I like the Embraer A LOT MORE then the Canadair.
Sorry 145 too small for me
Canadair 100/200 are very different from 900.
*Note the 700/900 not 100/200
The ERJ-145s are like rockets! Much more fun to ride - and I could tell the pilot was having fun flying it too.
I LOVE how the ERJ-145 has a single row. That way I can enjoy the flight without having someone next to me talking the whole time about what I like to do and what they like to do and all the thing in between. That happened this year when I was on a ERJ-170 from BTV-DCA just about missed the whole flight It also happened when we where coming back from BNA to DCA on a CRJ-200 when we where landing but I caught most of it.
If you click on the link scroll down to fleet and it say (Currently utilized solely by Continental Express) Does this mean that there already using them or are going to be using them??
Never mind I think I answered my own question. Here it is.
Drum roll with a symbol smash at the end!!!
Continental Airlines CRJ-200
Only one row of seats? That’s a very small seating capacity!
(I know you meant 1-2 seating (i.e. 1 seat aisle then 2 seats) but the way you said it gave me a vision of only 1 row of seats. )
My suggestion is to pretend like you are reading or sleeping. Luckily, I’ve never had the problem of talkative people. Well, there was that one time on a red eye from Hawaii to LA where I had planned on sleeping and the guy next to me was Mr. Talkative.
Dami you must be board or in a bad mood because I know you understood what i said.
Re-read what I said. I’m neither bored or in a bad mood. I said I knew what you meant. I just found it amusing to think about an airliner with only one row of seats - if only there was one!
Cartoons have airliners with one row of seating.
I really like the ERJs but I also like the CRJ 200s or 400s. I like the ones with all leather seats. However, I did hear of a safety issue with the ERJs and I was about the fly one so the person who told me that refused to elaborate so as not to put it on my mind at the time.
One thing you learn on both of these is to have a smaller carry on because a normal sized carry on has a good chance of being checked into the belly upon boarding since overhead and under seat storage is minimal. I love the idea of these smaller regional jets because I like to “feel it fly.” That’s why I like the BAE46 jets so much too, they only hold 76 I think. May even be less than that. Had a pilot once who never kept it level over the rockies, was turning both ways the entire trip. I even told the pilot afterwards “I love the way you fly!!” He grinned.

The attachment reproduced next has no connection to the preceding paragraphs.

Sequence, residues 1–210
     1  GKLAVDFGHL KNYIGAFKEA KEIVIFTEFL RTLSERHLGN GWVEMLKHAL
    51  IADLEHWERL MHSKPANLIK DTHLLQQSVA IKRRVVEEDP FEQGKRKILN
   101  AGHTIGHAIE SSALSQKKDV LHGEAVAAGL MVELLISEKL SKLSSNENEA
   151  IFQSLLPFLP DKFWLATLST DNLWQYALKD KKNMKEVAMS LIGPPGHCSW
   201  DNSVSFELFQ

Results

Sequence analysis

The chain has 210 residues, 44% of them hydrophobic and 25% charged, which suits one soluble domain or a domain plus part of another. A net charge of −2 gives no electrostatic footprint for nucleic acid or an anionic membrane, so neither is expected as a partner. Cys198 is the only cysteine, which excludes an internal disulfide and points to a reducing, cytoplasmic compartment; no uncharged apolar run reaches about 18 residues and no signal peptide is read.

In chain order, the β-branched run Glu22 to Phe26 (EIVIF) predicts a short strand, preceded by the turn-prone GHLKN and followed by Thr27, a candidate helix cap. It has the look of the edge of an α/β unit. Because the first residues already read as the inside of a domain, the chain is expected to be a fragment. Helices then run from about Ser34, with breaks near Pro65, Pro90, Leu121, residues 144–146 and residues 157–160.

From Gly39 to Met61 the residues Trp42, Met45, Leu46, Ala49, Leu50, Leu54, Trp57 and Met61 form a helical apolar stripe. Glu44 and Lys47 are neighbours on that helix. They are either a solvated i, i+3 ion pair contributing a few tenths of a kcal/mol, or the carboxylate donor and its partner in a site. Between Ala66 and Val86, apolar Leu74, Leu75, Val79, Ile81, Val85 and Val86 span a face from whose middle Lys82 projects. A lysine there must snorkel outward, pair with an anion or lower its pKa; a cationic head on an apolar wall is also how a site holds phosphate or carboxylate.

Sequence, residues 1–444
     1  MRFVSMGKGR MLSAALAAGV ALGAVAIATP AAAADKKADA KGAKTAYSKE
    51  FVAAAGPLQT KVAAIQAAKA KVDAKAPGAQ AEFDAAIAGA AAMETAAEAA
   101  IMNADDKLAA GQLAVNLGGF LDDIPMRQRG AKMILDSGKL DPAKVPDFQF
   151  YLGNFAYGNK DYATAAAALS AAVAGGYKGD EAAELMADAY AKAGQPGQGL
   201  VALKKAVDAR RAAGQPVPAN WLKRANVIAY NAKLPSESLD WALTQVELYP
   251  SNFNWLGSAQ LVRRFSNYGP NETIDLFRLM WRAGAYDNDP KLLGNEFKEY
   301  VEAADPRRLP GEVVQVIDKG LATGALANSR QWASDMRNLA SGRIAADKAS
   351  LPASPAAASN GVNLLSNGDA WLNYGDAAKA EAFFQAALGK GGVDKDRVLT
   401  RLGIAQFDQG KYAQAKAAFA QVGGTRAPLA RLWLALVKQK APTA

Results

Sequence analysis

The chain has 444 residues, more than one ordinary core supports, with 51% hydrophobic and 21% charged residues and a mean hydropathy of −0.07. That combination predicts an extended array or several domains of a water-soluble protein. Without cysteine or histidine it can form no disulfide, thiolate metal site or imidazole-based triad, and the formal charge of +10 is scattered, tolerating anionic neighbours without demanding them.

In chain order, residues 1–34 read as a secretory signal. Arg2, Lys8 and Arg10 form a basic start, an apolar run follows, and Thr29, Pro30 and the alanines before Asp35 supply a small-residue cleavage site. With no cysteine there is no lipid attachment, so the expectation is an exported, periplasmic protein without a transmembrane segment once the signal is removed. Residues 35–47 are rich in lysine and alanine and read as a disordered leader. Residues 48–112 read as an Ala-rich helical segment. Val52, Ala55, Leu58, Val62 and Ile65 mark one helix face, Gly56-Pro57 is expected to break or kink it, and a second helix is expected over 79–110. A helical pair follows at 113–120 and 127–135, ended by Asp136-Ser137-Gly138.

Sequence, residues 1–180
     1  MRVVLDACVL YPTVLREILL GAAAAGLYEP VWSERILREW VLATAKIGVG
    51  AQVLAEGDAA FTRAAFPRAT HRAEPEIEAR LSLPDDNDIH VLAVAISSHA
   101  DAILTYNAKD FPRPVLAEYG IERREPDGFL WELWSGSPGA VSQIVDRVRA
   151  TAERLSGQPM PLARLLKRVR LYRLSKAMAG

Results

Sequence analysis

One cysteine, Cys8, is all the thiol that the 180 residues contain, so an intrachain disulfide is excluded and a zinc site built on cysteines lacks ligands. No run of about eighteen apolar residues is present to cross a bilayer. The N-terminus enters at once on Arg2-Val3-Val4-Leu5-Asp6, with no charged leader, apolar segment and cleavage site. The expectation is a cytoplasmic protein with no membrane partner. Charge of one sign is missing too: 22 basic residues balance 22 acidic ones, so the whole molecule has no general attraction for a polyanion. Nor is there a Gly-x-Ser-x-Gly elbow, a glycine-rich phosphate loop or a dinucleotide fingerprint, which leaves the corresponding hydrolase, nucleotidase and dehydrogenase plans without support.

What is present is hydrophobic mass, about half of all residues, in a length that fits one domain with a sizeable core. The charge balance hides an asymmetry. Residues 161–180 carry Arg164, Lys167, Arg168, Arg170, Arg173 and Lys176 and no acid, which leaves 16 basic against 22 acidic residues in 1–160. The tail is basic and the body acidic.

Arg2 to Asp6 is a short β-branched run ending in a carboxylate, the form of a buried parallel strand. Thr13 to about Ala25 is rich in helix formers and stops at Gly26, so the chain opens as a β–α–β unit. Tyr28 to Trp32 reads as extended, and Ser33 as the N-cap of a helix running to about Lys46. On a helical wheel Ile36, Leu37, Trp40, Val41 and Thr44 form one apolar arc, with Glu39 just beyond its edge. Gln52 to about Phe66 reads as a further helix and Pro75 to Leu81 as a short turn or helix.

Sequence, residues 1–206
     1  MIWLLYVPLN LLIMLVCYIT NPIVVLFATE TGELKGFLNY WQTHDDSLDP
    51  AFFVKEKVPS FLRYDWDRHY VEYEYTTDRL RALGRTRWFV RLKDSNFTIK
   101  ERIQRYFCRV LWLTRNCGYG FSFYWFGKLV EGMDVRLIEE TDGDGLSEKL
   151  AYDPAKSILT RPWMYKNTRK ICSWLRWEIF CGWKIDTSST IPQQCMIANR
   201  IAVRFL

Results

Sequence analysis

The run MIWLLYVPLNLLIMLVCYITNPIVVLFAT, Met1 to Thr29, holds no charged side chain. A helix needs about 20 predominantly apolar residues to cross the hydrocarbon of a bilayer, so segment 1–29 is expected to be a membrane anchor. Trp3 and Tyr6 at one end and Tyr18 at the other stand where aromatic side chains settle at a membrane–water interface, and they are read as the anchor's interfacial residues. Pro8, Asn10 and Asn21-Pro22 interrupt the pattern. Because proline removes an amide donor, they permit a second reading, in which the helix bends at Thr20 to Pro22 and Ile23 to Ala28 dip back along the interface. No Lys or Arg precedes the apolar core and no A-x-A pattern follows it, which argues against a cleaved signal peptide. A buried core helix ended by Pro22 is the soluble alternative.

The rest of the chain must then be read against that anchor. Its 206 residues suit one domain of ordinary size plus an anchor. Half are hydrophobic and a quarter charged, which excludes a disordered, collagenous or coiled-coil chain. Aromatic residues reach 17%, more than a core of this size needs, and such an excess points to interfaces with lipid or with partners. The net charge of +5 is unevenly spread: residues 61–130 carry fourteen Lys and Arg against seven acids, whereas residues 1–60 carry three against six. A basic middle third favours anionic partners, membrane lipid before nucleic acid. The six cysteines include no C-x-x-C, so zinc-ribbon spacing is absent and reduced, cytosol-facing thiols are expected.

Love the Embraers…especially the XR’s with the winglets. Little off topic but has anyone seen the new ExpressJet colors yet?
I was going to do that earlier, but I noticed that he found the discussion and posted there 3 minutes after this one.
National Transportation Safety Board
Washington, DC 20594
January 31, 2007
NTSB INVESTIGATING UNCONTAINED ENGINE FAILURE IN COLORADO, SEEKING LOST ENGINE COMPONENTS
Washington, DC – A team of National Transportation Safety Board (NTSB) investigators, with assistance from other parties, is investigating an uncontained engine failure on an America West Express jet in the area near Denver, Colorado. In an effort to determine the cause of this event, the NTSB is seeking the engine components that fell from the airplane, and informing the public of how to assist.
The background of this incident is as follows: On January 25, 2007, at 4: 50 P.M. Mountain Standard Time, a Mesa Airlines, Incorporated, Bombardier CL-600-2B19 Challenger Jet, N17337, operating as America West Express Flight 2985, from Denver, Colorado to Phoenix, Arizona, while climbing through 24,000 feet, experienced an uncontained engine failure. The left engine cowling, fan, and other forward components separated over sparsely populated mountainous terrain in an area beginning just south of Woodland Park, Colorado and running south-southwest to 10 miles southwest of Cripple Creek, Colorado. The airplane’s flight crew declared an emergency and immediately returned and landed uneventfully at the Denver International Airport at 5:30 P.M. Mountain Standard Time. The captain, first officer, flight attendant, 1 extra crewmember, and 50 passengers were not injured during the incident. The aircraft itself sustained minor damage to the fuselage, left engine pylon, and tail section during the engine separation.
The NTSB has notified local officials in Teller County that this event occurred, and that there could be engine debris on the ground in their jurisdictions. The NTSB has requested their assistance as well as the assistance of other state and local agencies in locating the missing engine parts. Members of the public should contact the Teller County Sheriff’s Department (Telephone 719-687-9652) of the location, estimated size, and description of the part or parts found. These parts could cause injuries if not handled with proper precautions, therefore, should not be handled by members of the public.
The NTSB team is being led by NTSB air safety investigator Jennifer Kaiser of the Central Mountain Region in Denver. Members of the team include: NTSB engineers, Federal Aviation Administration (FAA) inspectors; Mesa Airlines; Bombardier Canada (the airplane manufacturer); and General Electric Corporation (the engine manufacturer). A radar analysis team was assembled and has gathered all FAA, company, and military radar information. This information is being correlated with data from the airplane’s flight recorders in an effort to pinpoint the potential locations of the engine parts.
Here’s the preliminary info on the FAA site:
ACFT LOST PIECE OF COWL AND A #1 ENGINE FAN BLADE, DENVER, CO